The issue is not just about who reviews privileged material but also what types of material and sharing of information can be prohibited. The Woods order prohibits “information contraband” that, according to the order, includes information on “current political or military events in any country; historical perspectives or discussions on jihadist activities, including information generated or distributed by or on behalf of foreign terrorist organizations, individuals or groups engaged in terrorist activities, to include material such as ‘Inspire’ magazine.” (Inspire is a monthly promotional magazine published by al Qaeda).
It also includes any information about U.S. government personnel who have been involved in the defendant’s detention, both currently at Guantanamo and in the past when they were in secret CIA custody. In short, the Woods order prohibits defense lawyers from exchanging information by mail and discussing with clients activities and personnel that they say are at the heart of the charges against them, hindering their ability to prepare a defense.
Objections over how written communications should be handled have permeated every aspect of the case from the outset. Even before charges are brought in the military-commission system, defendants can argue to the convening authority – the military official who approves charges – that even though prosecutors have requested the death penalty, the maximum punishment should be life in prison. Defense teams have argued that the Woods order hampered their ability to effectively communicate with their clients and therefore make such arguments to the convening authority.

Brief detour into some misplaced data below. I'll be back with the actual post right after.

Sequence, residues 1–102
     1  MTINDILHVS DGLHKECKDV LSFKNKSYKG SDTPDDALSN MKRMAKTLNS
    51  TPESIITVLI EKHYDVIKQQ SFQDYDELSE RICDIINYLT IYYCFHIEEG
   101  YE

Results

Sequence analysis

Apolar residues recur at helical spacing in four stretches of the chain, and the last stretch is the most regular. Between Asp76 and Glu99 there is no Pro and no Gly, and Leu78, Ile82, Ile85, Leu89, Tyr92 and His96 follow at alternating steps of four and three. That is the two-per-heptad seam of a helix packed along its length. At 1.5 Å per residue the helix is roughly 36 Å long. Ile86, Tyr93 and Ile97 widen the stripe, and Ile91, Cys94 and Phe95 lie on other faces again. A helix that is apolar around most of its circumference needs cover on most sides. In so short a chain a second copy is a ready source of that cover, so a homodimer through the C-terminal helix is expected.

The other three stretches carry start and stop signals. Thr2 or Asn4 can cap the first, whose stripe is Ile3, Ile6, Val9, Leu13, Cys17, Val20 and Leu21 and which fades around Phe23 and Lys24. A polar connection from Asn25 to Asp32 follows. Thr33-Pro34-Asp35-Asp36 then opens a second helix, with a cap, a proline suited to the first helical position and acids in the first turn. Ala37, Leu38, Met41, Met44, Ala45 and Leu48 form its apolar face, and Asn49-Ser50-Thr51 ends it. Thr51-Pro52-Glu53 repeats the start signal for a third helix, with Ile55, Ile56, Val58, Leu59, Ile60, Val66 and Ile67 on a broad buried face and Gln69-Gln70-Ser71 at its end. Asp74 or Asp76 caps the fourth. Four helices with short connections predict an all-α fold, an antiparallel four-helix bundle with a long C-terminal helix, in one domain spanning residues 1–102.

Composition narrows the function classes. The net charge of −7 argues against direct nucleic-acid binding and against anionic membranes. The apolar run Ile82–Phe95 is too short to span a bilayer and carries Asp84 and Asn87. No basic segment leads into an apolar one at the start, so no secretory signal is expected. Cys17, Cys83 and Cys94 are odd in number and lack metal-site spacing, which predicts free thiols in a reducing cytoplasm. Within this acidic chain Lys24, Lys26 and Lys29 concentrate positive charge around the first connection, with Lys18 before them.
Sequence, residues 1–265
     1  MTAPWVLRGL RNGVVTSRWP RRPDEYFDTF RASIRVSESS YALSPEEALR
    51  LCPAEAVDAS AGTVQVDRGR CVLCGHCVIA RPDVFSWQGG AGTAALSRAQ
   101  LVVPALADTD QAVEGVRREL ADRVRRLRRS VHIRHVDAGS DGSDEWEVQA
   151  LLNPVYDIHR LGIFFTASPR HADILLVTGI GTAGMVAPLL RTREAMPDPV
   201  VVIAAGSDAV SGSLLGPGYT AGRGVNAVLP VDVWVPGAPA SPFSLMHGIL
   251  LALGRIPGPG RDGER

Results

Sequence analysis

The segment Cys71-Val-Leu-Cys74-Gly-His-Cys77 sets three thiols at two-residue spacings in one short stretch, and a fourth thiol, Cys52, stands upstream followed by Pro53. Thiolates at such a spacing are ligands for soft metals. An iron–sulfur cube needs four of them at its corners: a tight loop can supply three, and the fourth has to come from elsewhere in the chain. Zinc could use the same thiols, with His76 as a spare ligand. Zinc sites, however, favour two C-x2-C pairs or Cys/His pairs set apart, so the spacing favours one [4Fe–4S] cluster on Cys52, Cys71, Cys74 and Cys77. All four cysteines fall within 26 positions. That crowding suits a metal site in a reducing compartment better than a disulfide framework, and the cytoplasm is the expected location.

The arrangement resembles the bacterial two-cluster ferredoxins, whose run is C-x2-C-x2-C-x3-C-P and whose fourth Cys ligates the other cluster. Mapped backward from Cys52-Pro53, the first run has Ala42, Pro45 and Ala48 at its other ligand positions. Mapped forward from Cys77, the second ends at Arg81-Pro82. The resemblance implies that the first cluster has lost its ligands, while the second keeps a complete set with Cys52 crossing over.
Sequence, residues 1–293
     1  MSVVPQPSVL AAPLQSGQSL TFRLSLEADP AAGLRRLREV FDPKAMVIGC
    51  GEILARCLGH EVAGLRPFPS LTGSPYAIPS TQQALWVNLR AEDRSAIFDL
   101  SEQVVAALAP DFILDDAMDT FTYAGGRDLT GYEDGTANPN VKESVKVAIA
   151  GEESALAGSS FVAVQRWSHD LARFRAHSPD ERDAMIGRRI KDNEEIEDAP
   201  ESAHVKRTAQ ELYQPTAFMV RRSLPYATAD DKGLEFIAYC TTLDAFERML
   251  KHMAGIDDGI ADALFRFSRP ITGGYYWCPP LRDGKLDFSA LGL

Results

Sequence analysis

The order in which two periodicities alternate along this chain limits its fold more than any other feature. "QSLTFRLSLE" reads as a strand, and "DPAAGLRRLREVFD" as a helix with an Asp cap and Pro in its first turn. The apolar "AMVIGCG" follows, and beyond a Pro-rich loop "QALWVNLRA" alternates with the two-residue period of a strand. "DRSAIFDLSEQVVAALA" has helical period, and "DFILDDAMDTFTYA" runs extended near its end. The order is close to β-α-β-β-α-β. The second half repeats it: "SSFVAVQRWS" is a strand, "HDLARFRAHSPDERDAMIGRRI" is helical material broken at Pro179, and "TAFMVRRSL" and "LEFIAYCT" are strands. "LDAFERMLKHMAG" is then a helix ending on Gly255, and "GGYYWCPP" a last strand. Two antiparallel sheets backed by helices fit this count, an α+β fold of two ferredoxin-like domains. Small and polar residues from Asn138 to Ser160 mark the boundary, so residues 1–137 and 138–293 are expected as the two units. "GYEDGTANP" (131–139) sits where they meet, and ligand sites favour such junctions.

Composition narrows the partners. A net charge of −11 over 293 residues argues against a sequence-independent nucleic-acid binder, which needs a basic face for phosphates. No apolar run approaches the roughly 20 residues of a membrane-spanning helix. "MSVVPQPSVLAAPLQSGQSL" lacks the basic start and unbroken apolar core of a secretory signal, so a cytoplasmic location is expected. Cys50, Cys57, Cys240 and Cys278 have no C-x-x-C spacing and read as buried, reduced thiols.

All five of the 9/11defendants were held in secret CIA custody and subjected to torture or other ill-treatment, factors that the convening authority may consider when referring charges. A prior convening authority in 2008 dismissed charges against another defendant accused of being involved in the Sept. 11 attacks because he had been subjected to torture in U.S. custody. At the end of the week, though both defense and the prosecution had proposed alternatives to the Woods order, there was still no resolution of the issue and the Woods order remained in place.